Why is Equatorial Guinea Fragile?
January 22, 2020
January 22, 2020
This article attempts to describe the situation in Equatorial Guinea. It describes the factors that makes it a fragile state. However, the focus on the medium and long term. The economic and political condition in Equatorial Guinea may be dynamic; however, it requires more attention especially with respect to conflict prevention.
Reconstructed Scenario is based on the following judgments:
Equatorial Guinea was a Spanish colony. It gained independence on 12 OCT 1968. The euphoria of independence was short-lived because of its involvement in the Nigerian Civil War and relapse into a totalitarian regime in JUL 1970 under Macias Nguema. Nguema had a cordial relationship with the Soviets despite his disapproval of Marxism. He considers it ‘neo-colonialist’. Nguema was overthrown by his nephew, Teodoro Obiang on 3 AUG 1979 in a coup d’état. This led to a civil war which ended with the capture of Nguema after 2 weeks. Nguema was tried and executed afterwards. Teodore Obiang has remained President since then.
According to the IMF, Equatorial Guinea reportedly has a per capita income of 8.93 thousand dollars as of October 2019. The country has a robust oil profit of averagely 5 billion dollars per year, small population of about 900 000, fertile soil for agriculture, and low debt profile. The figures below were derived from limited data from the International Monetary Fund (IMF) and World Bank by Human Rights Watch. The country clearly invests a huge sum of money into health and education.
These figures raise expectations that citizens should live a relatively good life. It is even more convincing considering the small population of about 900 000. It can eb assumed also that education and health care should not be a problem. It is not so. According to the World Bank, about 76.8% of the population lives in poverty. It is certain that corruption and mismanagement of fund play a major role in this problem. The gap between the ruling elites and average citizen is dangerously wide. The economy is such that it is highly likely that majority strive for necessity and few have access to comfort, while only the ruling elites can afford luxury. Even though it is a totalitarian regime, the level of poverty is deep and wide spread such that there is a realistic probability that the country is sitting on the edge.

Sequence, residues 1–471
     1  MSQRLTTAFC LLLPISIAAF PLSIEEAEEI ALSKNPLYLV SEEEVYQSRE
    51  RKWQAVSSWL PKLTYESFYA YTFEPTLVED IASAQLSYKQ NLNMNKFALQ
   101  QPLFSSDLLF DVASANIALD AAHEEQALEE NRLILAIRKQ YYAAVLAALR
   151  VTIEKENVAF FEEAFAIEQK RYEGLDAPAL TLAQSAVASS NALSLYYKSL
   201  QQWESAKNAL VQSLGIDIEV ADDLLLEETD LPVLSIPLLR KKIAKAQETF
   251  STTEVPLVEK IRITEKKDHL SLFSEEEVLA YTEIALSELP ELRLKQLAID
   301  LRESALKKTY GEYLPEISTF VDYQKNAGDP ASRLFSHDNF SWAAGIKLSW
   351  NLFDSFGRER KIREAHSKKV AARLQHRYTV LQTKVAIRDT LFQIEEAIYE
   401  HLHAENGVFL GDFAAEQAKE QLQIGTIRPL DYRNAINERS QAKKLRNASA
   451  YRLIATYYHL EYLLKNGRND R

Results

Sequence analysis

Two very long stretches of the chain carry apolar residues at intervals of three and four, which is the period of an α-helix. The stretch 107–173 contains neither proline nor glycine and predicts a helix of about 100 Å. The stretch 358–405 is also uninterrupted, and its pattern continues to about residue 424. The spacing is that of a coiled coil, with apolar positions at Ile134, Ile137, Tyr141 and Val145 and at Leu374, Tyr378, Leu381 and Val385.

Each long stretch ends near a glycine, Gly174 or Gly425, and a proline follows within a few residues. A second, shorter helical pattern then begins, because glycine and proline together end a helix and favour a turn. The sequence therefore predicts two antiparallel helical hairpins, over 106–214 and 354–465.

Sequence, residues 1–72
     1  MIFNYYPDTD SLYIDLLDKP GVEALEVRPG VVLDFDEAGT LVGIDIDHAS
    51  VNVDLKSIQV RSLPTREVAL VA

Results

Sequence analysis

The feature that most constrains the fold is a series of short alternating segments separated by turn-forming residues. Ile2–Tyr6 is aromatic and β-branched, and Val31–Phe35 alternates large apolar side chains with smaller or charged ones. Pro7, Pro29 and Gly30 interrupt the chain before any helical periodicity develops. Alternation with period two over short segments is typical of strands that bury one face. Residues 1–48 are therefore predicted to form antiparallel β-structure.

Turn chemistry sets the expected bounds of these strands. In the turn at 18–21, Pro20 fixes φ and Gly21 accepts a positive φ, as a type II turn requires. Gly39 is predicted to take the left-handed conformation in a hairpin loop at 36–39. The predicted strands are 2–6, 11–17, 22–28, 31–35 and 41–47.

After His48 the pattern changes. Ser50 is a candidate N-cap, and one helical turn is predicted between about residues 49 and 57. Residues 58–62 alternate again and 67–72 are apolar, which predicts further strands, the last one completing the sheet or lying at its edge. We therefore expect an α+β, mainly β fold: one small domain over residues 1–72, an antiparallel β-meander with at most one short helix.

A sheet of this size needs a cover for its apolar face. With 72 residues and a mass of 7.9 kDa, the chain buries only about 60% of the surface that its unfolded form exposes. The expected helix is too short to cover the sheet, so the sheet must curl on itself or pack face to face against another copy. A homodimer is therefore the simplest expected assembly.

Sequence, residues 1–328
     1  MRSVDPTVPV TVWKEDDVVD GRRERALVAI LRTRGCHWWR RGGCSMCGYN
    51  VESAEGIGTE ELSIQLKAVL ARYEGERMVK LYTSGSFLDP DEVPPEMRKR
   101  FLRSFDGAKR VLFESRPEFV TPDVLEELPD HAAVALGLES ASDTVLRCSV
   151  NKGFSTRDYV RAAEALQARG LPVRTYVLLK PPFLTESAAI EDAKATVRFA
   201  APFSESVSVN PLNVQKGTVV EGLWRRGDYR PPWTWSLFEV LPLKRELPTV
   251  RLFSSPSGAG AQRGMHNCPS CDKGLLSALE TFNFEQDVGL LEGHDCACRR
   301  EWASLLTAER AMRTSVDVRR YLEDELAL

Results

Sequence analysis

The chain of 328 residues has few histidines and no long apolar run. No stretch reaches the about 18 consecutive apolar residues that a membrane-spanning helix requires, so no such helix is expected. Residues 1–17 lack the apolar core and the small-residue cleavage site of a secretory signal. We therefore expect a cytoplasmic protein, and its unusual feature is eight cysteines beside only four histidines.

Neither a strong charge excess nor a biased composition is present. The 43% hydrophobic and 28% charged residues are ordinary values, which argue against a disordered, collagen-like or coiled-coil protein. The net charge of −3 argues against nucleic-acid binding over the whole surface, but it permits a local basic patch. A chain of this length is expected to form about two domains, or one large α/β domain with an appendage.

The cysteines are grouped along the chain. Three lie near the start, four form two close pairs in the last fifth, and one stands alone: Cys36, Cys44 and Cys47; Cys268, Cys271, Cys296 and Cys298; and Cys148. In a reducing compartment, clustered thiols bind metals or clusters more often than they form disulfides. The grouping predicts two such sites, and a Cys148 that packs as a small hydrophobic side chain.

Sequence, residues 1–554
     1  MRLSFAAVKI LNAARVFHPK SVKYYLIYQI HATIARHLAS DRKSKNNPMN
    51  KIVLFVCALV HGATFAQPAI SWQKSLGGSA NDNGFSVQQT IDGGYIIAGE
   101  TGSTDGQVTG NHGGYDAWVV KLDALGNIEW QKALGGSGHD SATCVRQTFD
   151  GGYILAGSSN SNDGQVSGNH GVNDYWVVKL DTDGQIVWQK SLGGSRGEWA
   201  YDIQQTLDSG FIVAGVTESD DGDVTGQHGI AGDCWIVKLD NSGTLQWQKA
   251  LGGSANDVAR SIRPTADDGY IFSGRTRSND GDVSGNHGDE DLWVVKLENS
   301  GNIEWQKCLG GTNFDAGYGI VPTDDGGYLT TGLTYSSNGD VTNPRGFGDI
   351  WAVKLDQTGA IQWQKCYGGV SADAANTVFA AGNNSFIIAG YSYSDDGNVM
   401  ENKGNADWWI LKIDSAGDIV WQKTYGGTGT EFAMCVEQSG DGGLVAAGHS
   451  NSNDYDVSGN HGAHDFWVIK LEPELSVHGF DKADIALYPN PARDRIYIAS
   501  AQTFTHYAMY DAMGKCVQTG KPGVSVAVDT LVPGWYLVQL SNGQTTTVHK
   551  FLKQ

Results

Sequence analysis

There is likely going to be a wave of greater pan-Africanism in 2020 and it will be youth-led. Pockets of this can be identified across Africa within the last decade. Citizens may begin to ask questions after being stirred up by their peers in other countries. They will begin to demand more. Hence, it is highly likely that it will lead to a rebellion and it will be a security and political risk to the country and Central Africa region. Hunger and poor standard of living has proven to fuel political instability and conflicts. Other things being equal, it is almost certain that a hungry youth population will willingly pick up arms for survival. There is a political dimension to the country’s fragility that must be considered.
The people of Equatorial Guinea have only enjoyed roughly 2 years of a seeming democratic environment. From 1970 till date they have been under a dictatorship. Between the government/elites and average citizens, human rights violations, corruption, ‘undemocratic’ elections, and intimidation of opposition is rampant. Alongside, ordinary people are barred from some areas which somewhat denies them of the fanciful hospital built in Sipopo for instance. While amongst the ruling elites the politics is dominated by tensions between President Obiang’s son and family members for government positions.
Here, Equatorial Guinea appears as one of the most troubled parts of Africa
Nevertheless, the regime demonstrates strength with obvious failed coup attempts and ability to contain expression of dissatisfaction. Hence, there is also a realistic probability that even though the country is fragile, it may remain the same for the next decade.
Image: Kremlin (link)
Disclaimer: The views and opinions expressed in this article are those of the authors and do not necessarily reflect the official policy or position of Grey Dynamics LTD.
Jesutimilehin Akamo is Grey Dynamics’ analyst focussing on Central Africa and a Pre-doctoral fellow at STRATFOR. Jesutimilehin is a trained Human Rights Field Officer and was awarded the Tana 2018 continental essay award.